Abstract: Informed by the classic work of Cynthia Enloe (1990) this roundtable focuses on how the ‘personal is international’. This question challenges assumptions of where the international occurs and undermines traditional assumptions of what constitutes the purview of International Relations. We also focus on the Canadian context and thus challenge disciplinary divides between the domestic and the international which are often methodological straightjackets that limit our ability to see gender in ways that cross traditional subfields. If we are to be ‘curious feminists’ (Enloe 2004), our curiosity about the intersection of the international and the domestic can begin at home.
Each member of the roundtable will reflect on the following set of questions. What does gender and IR in everyday spaces and places mean to you?” What does it look like? Is it just gender or do we need an intersectional approach? How does the concept of ‘the everyday’ fit with an International Relations approach? Why should I care about gender and international relations in everyday spaces and places?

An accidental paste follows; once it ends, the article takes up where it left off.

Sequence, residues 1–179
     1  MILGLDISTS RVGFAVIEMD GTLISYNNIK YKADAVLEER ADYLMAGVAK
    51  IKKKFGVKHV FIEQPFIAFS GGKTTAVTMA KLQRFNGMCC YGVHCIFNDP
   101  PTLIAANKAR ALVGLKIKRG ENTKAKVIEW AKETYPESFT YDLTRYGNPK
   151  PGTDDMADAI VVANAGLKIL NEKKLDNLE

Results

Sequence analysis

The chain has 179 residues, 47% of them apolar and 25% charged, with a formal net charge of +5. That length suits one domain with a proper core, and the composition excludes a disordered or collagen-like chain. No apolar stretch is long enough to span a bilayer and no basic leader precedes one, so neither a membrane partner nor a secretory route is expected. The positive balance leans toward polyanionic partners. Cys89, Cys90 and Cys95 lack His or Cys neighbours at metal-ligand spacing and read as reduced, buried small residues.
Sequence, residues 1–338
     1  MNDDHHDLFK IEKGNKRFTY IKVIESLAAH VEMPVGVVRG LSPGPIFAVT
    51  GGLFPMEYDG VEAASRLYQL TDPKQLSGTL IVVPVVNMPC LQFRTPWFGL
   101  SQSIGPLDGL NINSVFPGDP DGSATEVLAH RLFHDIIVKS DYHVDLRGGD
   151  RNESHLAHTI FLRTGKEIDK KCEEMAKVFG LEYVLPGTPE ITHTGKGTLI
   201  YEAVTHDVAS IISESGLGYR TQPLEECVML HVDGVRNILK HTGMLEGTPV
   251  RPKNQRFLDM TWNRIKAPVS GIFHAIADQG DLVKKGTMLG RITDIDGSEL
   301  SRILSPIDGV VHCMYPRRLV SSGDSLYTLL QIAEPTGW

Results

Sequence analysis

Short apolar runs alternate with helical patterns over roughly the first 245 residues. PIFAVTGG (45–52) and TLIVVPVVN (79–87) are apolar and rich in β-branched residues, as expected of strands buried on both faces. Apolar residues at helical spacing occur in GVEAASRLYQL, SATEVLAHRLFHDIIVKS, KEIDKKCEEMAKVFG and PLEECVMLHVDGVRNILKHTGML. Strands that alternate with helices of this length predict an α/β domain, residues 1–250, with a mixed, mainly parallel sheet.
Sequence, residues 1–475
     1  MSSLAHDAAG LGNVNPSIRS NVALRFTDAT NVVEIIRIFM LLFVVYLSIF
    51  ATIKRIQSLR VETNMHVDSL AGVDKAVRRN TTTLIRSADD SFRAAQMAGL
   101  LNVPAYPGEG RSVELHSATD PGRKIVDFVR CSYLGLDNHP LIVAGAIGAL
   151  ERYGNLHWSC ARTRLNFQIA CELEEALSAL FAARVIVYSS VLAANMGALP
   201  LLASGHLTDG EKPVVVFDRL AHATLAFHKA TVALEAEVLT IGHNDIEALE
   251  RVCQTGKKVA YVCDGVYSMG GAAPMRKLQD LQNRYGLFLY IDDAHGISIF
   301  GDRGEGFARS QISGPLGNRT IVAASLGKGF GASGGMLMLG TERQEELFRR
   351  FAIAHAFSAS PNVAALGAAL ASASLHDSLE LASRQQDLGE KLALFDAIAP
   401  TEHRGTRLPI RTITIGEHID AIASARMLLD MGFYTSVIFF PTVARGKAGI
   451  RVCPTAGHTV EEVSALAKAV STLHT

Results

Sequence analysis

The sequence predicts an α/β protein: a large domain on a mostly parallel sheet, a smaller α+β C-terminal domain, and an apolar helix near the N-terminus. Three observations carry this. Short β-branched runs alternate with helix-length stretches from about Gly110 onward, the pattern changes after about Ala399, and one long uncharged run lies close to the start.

Ultimately, the roundtable will show the ongoing relevance of a phrase as seemly straightforward as ‘the personal is the international’. When we see the international in our everyday, in the simple and sometimes overlooked, we see the way the international and gender is performed and practiced and thus revealed in places about which we are too often uncurious. To expose the everyday to scrutiny means we can see the varied sites of gender that merit attention and often disruption.